Regularity: Regularly occurring

Currently: Present

Confidence: Confident

Type of Residency: Year-round

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Physical Description

Morphology

Hobo spiders have long legs (a characteristic of funnel-web spiders), which have fine hairs and are uniform in color. They usually have a brown cephalothorax with diffuse, indistinct darker brown markings on the legs and abdomen. The underside of the abdomen has a characteristic yellow marking with no spots, distinguishing it from other Tegenaria species. Male hobo spiders share the enlarged pedipalps found in many other spider species; examination of male pedipalps and female epigynum, requiring magnification, is required for sexual identification. Physical variation among individuals tends to be quite high, with a large range of colors and sizes recorded. Size ranges from 6-18 mm with an average length of 12 mm. Females are typically larger than males.

Range length: 6 to 18 mm.

Other Physical Features: ectothermic ; heterothermic ; bilateral symmetry ; venomous

Sexual Dimorphism: female larger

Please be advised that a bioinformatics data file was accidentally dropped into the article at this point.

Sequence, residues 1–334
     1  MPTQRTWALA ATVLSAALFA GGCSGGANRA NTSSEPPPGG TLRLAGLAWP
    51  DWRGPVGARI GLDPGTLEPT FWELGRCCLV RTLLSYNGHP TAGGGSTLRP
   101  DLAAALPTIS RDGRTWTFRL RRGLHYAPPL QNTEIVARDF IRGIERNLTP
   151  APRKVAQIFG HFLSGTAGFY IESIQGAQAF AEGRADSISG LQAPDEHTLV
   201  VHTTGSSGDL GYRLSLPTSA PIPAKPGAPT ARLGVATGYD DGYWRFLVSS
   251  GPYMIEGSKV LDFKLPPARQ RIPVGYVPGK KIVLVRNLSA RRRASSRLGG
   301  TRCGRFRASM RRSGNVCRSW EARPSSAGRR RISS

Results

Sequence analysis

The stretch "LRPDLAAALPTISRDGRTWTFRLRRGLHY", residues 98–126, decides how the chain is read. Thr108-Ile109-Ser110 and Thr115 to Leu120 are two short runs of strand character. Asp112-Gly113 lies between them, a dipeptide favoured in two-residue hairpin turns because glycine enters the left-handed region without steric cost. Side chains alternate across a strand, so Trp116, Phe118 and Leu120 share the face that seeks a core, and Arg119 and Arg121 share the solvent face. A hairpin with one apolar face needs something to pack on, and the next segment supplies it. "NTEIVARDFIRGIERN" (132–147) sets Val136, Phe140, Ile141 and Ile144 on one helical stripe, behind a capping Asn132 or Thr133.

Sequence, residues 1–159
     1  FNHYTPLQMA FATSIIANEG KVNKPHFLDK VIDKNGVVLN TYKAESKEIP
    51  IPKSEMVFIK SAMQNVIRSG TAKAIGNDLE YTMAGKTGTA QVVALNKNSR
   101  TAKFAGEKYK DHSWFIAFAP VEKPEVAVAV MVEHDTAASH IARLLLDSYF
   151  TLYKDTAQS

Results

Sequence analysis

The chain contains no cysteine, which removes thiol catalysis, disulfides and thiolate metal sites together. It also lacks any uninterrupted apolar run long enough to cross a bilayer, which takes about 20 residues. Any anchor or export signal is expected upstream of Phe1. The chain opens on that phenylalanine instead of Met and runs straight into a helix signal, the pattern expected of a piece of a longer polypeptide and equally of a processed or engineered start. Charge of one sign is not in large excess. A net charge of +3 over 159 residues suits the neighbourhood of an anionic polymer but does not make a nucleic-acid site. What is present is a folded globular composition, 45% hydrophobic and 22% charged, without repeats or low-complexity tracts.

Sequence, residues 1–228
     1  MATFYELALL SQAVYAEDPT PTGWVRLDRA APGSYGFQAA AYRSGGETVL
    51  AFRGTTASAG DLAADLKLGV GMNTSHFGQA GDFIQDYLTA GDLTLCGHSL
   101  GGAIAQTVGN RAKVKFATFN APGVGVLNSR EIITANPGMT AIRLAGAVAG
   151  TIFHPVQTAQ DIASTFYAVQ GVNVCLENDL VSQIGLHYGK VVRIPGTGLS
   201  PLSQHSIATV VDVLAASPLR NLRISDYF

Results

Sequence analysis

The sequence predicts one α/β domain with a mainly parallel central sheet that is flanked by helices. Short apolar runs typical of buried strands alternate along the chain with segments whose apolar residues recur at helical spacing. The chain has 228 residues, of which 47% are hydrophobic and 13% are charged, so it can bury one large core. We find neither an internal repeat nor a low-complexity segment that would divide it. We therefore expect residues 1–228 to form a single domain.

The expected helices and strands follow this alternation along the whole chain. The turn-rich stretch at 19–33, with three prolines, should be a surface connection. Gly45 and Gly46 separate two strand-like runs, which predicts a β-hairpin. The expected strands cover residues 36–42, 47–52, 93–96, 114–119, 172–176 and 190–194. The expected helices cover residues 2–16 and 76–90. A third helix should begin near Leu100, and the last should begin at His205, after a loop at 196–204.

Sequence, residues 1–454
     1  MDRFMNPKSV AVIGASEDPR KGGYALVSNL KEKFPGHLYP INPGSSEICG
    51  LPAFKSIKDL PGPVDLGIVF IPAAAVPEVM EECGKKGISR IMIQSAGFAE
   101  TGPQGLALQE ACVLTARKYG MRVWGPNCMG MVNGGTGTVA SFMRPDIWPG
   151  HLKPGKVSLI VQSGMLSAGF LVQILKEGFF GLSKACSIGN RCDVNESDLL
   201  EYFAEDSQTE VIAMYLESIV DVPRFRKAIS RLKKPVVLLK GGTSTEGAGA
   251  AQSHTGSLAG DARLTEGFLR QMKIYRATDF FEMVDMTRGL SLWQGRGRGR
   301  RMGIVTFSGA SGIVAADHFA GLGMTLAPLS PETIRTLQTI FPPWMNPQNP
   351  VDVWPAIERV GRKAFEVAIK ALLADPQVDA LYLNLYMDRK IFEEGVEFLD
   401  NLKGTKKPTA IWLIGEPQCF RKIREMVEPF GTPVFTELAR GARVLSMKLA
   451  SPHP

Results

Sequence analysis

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Ecology

Habitat

Native European populations of hobo spiders prefer to nest outdoors and typically do not live near humans. North American populations, however, are regularly found nesting near humans, often near, and sometimes in, houses. They also nest under rocks and other objects in yards or gardens. Recently, hobo spiders have been found nesting in rural habitats in the United States.

Habitat Regions: temperate ; terrestrial

Terrestrial Biomes: savanna or grassland

Other Habitat Features: urban ; suburban ; agricultural

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Trophic Strategy

Hobo spiders prey on any insect species that becomes tangled in their webs. No information regarding specific prey is available at this time.

Animal Foods: insects

Primary Diet: carnivore (Insectivore )

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Associations

Hobo spiders prey on small to moderate sized insects such as ants, beetles, and flies that are caught in their webs (often located inside houses, under rocks, or sometimes in clumps of grass outdoors), controlling the populations of these species. Hobo spiders are themselves prey, particularly for giant house spiders, with lower population sizes of the first significantly correlated to higher populations of the second. Food competitors include crab spiders (Philodromus and Xysticus sp.), wolf spiders (Pardosa sp.), and other web-building spiders, including orb web weavers (Family Araneidae). There is currently no information available regarding parasites of hobo spiders.